The flag of Kiribati even features a frigate bird, referring to the bird-like dance. What to see? Most people skip Tawara, the capital of Kiribati, as it is not the prettiest city. Head to the sandy beaches and dive. Kiribati is known as the largest coral atoll in the world and is a dream destination for divers.
Bird watching is also popular, especially on Christmas Island, as millions of birds come here every year. With a great diversity of marine life, Tuvalu is the best diving and snorkeling vacation. There are 9 different coral atolls, numerous coral reefs, lagoons and small islands to spend days or even weeks exploring. Once a tourist is ready for the mainland, they can enjoy a distinct, friendly and protected Polynesian culture with unique arts, crafts, music, dance and stories.
Numerous travel warnings are in effect for Somalia due to armed conflicts between the government and violent factions (including al-Qaeda-linked al-Shabab). But before the civil wars began in the early 1990s, Somalia was extremely welcoming to tourists. Immersed in the middle of the Pacific Ocean, this small island nation covers less than 21 square kilometers and is home to less than 10,000 inhabitants. Only one airline serves the country (with a former Boeing 73) and the tourist infrastructure, such as hotels and restaurants, is pathetically minimal.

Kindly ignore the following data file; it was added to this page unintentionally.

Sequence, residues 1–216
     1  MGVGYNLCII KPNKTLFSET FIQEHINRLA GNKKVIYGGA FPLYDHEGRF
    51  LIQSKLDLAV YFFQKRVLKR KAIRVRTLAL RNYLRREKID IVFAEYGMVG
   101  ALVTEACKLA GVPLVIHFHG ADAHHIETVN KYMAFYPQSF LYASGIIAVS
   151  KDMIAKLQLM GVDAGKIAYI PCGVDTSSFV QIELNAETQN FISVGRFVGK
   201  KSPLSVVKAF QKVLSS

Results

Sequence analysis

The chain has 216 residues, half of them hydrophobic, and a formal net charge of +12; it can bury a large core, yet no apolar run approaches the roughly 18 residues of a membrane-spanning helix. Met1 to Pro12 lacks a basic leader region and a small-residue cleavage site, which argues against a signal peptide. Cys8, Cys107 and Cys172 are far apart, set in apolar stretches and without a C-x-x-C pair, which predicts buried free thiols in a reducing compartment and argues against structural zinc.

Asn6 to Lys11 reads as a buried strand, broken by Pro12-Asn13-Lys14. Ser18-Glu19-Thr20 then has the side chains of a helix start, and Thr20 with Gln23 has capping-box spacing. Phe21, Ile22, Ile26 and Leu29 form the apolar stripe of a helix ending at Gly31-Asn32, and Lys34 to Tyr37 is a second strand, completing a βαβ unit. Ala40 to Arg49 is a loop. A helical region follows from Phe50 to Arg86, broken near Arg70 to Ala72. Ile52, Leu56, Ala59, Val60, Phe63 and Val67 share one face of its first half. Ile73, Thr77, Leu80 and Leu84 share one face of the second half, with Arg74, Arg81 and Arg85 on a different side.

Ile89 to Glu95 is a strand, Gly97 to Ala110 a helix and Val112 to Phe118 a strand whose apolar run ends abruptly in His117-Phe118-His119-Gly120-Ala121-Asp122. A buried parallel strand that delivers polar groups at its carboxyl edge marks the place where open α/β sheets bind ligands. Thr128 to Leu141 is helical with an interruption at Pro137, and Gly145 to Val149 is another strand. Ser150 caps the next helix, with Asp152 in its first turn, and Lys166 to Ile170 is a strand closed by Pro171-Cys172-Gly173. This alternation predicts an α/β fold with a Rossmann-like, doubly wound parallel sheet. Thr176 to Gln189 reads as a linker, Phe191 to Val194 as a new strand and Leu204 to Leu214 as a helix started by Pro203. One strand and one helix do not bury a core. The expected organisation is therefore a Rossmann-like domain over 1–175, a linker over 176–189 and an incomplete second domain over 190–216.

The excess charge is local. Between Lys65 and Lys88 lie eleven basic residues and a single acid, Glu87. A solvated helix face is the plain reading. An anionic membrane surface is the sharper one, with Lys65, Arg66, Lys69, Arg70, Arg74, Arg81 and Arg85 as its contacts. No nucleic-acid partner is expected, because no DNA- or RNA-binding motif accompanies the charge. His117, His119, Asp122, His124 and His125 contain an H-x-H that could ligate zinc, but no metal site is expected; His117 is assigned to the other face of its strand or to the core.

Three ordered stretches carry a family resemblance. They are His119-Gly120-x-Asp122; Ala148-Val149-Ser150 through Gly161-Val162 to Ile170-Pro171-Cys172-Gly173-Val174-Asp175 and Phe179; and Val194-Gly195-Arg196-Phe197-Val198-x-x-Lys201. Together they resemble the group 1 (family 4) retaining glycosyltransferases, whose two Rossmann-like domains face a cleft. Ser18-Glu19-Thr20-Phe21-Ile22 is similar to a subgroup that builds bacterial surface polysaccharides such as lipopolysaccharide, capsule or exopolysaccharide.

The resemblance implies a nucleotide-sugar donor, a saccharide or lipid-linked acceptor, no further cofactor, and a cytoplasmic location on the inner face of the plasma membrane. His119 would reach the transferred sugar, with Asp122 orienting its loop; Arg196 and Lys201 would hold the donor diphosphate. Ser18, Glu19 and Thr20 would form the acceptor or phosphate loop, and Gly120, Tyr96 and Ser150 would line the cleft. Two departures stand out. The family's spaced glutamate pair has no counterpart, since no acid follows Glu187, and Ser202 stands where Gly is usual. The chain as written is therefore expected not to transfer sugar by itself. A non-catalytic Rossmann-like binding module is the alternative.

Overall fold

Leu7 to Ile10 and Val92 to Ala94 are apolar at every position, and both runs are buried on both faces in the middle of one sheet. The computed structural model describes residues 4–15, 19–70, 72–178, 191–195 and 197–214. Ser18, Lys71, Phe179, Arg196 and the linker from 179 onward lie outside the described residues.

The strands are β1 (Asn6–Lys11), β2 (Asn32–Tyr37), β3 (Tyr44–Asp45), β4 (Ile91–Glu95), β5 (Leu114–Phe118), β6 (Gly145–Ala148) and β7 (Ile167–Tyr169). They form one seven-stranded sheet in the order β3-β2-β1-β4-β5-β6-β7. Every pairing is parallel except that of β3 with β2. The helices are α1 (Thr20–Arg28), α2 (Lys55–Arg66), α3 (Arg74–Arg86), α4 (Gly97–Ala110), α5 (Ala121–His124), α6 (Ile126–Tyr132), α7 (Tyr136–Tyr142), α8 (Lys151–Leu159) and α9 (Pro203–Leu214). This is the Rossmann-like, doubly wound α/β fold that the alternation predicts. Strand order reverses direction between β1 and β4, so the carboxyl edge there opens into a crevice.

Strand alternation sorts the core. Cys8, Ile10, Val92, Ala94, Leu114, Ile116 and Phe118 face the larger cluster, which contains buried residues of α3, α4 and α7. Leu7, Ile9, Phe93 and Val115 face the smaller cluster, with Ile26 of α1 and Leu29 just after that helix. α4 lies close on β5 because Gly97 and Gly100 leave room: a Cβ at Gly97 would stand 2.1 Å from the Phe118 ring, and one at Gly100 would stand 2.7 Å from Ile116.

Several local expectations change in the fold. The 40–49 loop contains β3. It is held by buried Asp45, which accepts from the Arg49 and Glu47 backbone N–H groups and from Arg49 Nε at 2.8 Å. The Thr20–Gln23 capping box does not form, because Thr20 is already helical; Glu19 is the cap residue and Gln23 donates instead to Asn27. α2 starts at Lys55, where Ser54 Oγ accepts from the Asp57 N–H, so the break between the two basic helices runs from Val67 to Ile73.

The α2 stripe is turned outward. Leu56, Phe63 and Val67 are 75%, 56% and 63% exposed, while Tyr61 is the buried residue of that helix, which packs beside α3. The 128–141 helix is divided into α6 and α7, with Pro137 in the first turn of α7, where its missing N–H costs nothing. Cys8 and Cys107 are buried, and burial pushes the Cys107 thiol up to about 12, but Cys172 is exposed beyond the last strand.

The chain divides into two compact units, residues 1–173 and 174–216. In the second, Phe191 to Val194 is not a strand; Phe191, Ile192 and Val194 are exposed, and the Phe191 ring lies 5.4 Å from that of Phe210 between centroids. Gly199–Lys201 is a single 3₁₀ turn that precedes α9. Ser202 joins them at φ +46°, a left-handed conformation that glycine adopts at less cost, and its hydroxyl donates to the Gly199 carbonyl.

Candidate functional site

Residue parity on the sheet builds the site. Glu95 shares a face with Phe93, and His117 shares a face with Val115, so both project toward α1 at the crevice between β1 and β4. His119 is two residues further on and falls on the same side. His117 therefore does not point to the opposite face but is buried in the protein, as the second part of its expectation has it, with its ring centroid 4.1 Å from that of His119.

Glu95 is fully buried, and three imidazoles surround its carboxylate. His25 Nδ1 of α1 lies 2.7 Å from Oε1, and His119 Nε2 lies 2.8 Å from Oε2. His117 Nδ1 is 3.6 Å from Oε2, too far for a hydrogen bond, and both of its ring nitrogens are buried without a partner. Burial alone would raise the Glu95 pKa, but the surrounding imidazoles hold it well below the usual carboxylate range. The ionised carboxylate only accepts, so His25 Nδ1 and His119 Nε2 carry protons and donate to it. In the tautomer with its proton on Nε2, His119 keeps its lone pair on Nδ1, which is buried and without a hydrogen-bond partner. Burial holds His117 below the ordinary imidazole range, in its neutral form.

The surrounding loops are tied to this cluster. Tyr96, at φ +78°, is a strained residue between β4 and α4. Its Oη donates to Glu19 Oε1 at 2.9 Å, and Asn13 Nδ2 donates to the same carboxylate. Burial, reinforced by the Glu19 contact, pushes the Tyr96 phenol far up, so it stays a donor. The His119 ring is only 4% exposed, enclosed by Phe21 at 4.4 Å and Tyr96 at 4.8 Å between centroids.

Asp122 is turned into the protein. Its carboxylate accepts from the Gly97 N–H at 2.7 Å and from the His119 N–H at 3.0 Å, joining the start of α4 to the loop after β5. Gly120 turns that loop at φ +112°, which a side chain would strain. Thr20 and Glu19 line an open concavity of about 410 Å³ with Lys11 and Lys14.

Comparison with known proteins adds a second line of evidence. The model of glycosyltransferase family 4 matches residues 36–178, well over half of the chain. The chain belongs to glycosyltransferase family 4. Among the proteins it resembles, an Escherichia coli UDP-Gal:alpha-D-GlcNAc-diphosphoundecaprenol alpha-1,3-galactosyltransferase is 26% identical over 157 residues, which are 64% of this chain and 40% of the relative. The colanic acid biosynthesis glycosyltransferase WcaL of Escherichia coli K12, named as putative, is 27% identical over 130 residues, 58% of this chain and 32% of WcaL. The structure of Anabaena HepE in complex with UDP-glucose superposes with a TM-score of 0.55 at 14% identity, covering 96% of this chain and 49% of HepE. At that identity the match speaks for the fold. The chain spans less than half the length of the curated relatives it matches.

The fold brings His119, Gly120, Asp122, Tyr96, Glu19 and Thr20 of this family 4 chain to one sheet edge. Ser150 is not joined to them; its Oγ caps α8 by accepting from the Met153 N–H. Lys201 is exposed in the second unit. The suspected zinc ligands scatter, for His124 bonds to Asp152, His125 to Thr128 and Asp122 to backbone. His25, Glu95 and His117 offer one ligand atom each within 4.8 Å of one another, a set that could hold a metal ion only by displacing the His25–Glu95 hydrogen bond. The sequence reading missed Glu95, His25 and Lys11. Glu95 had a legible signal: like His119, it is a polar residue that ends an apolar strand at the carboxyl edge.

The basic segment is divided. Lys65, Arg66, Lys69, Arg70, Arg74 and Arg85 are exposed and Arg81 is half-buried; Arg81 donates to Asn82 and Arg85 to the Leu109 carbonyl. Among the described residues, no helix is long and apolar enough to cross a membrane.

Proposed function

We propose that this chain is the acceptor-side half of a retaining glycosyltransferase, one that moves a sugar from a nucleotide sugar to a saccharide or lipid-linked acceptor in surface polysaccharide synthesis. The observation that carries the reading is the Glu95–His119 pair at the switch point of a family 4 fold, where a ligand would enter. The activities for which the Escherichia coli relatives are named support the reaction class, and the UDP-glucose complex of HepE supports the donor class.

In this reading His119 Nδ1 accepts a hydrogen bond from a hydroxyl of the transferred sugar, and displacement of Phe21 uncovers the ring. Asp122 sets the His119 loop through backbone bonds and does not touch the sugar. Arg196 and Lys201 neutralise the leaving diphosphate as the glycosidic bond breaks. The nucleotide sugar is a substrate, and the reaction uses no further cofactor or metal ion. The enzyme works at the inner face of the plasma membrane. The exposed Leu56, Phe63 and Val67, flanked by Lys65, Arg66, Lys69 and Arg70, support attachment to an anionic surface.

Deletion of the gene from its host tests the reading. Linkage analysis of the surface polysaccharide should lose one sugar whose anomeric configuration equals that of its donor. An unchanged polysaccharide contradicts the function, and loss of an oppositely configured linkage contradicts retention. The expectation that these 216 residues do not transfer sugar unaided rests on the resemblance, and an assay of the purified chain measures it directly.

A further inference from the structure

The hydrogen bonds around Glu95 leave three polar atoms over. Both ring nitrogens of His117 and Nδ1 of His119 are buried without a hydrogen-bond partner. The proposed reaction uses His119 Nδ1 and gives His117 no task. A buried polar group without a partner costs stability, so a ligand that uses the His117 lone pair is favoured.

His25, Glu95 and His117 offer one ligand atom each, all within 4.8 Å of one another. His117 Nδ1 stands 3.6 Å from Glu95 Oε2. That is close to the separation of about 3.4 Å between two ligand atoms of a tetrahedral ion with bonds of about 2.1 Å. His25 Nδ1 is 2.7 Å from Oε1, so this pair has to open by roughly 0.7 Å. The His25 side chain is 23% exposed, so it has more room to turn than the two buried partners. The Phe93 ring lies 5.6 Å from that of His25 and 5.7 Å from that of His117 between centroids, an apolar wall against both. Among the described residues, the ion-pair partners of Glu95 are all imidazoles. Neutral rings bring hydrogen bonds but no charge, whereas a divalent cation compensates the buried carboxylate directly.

Freight deliveries are rare and employment is even scarcer. Health care is basic, at best. According to Far %26 Wide, Tuvalu is the least visited country in the world. This small island nation of just 12,000 people only receives about 2,000 visitors a year.
Like off the beaten path? Discovering things that few have done before? Well, visiting Nauru, the least visited country in the world, might suit you. Nauru is the least visited country on the planet. Let's take a closer look at Nauru. Nauru is located in Micronesia and has a land area of only 21 km2 (8.1 square miles), near Australia in the Pacific Ocean.
It gained its independence only in 1968 and began to raise money a few years after this. How? Nauru had a large population of seagulls that used the island as a nesting place. Their faces help the production of phosphate resources, which are desired by companies that use phosphates to produce fertilizers, etc. The economy skyrocketed and this small island nation went a little crazy with greed, even founding its own country's airline, Nauru Air.